It’s time to get radical if we are to address the vast challenges facing Scotland and the rest of the UK.
Let’s start by understanding the scale of the problems facing us. In my New Year blog, I suggested four new ‘giants’:
- Inequality. One million people in Scotland live in poverty, including 230,000 children and 140,000 pensioners. Poverty is not just a condition, it is a matter of life and death. Healthy life expectancy can vary by as much as 20 years between the most and least deprived areas of our country.
- Climate change. The latest UN report says we have twelve years to simply limit a climate change catastrophe, by keeping the increase in global warming below 1.5C. Our health, the economy, our diverse fauna and flora, as well as wildlife, are all at risk.
- Disempowerment. The UK is over-centralised and too many powers stop at Holyrood while others are taken from local government. Economic power continues to be grabbed by big corporations, mostly unchecked by regulation or industrial democracy.
- Broken society. Too much emphasis is placed on economic performance and too little on the impact on human beings and the communities of place and interest they live in. Automation at work is used to exploit the workforce rather than liberate them. Isolation, intolerance and our consumer culture are contributing to a broken society, where we patch and mend the mental health consequences, rather than tackle the root causes.
I have been working on the Scottish Labour Party’s policy development process for the 2021 manifesto. The first stage consultation paper highlights a large number of challenges and invites members and stakeholders to suggest ideas that will develop Labour’s vision of real change.
I would argue that while Scotland has adopted some progressive policies, certainly compared with the UK government, they have all too often focused on process rather than radical action. This is the ‘safe' middle ground that the US Congresswoman Alexandria Ocasio-Cortez recently challenged. She said:
“Moderate is not a stance. It’s just an attitude towards life of, like, ‘meh.’ We’ve become so cynical, that we view … cynicism as an intellectually superior attitude, and we view ambition as youthful naivety when ... the greatest things we have ever accomplished as a society have been ambitious acts of vision. The ‘meh’ is worshipped now. For what?”
There is nothing ‘moderate' about the vast inequalities in Scotland, homeless people on our streets, the growing mental health crisis, climate change or the uncontrolled power of global corporations. The establishment tells us to be pragmatic and stick to incrementalism - when what is needed is systemic change.
Let’s take just three very recent examples of proposals for radical change.
It has taken today’s children to demand that my generation takes climate change seriously. As Phil McDuff argues, climate change is the result of our economic and industrial system – we need to re-evaluate our relationship to ownership, work and capital fundamentally.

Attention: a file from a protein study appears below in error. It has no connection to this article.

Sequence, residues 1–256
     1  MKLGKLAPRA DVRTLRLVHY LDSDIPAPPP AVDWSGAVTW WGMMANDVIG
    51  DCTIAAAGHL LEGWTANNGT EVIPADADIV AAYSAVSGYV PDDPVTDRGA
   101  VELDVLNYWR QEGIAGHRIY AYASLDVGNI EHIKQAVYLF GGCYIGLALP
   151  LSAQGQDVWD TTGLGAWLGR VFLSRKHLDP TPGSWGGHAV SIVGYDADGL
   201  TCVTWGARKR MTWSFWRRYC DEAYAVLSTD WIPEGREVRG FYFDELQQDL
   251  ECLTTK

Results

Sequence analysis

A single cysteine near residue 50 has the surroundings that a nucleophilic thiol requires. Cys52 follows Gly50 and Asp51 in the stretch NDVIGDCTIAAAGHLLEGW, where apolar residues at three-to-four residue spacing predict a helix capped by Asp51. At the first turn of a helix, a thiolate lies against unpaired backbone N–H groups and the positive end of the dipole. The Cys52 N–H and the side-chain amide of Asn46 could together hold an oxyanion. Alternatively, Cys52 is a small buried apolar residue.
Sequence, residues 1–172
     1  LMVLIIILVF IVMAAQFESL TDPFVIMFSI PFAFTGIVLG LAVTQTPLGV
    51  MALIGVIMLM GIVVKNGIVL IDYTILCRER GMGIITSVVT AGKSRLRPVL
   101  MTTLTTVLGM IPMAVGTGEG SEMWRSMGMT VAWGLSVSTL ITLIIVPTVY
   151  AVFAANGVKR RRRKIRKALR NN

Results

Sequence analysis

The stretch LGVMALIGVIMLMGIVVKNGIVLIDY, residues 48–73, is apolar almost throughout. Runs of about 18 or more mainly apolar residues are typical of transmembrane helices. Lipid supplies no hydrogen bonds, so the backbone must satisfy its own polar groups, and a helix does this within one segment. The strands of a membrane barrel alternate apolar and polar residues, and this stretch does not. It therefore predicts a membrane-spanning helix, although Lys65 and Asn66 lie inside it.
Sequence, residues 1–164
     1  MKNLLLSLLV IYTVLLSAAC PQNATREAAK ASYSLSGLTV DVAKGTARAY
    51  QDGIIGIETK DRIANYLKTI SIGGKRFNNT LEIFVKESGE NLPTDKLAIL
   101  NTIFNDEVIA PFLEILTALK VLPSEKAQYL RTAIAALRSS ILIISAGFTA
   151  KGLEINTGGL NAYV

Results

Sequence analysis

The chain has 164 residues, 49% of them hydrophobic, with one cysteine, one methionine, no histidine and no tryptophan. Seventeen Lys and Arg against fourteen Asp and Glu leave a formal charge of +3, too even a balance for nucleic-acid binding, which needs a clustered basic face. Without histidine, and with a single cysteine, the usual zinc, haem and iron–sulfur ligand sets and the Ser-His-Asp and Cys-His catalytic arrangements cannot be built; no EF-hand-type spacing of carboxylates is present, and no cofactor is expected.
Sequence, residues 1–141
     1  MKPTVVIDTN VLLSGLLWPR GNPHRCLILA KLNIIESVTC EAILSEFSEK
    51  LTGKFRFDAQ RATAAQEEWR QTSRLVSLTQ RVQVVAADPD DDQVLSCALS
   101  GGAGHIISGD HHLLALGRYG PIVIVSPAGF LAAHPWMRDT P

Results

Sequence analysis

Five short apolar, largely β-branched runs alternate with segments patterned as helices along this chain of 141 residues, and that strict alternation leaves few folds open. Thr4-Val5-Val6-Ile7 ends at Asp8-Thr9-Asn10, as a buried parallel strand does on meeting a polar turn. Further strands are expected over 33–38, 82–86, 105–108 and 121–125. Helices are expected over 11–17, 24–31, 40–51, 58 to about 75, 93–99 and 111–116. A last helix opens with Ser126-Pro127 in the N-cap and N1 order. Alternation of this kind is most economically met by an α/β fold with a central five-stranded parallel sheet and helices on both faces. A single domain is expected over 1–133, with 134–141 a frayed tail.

I wouldn’t normally regard the Scottish Land Commission as a body ready to consider radical solutions. However, today’s report says that most of the disadvantages of Scotland's current pattern of land ownership are related to a concentration of decision-making power. It noted that in some parts, that hampered economic development and caused serious and long-term harm to communities and there was an "urgent need" for mechanisms to protect fragile communities from the "irresponsible exercise of power".
Progressive think tanks like the New Economics Foundation have long argued that we need a new approach to local economies that challenge the economic orthodoxy of inward investment. Last week they built on their long-term criticism of personal allowances with a proposal that replaces those allowances with a weekly national allowance.
Radical change isn't easy for political parties. The two biggest Scottish spending budgets that could be shifted by preventative spending are acute hospitals and prisons. However, a minority of voters understand the case for moving resources and are much more likely to be concerned about ward closures and reductions in the use of custodial sentences.
The typically dismal mainstream media reaction to Richard Leonard’s conference speech on free bus travel reflects the establishment’s need to stamp on radical change. The problem they face is that policies like this are actually growing in popularity. Radical progressives are having an impact far higher than their ‘incrementalist’ peers. Just look at the way Alexandria Ocasio-Cortez’s Green New Deal has started a meaningful discussion about climate change in the USA.
So, radical change isn’t easy, but the challenges that face us deserve radical solutions. And more and more people, of all ages, are recognising that reality.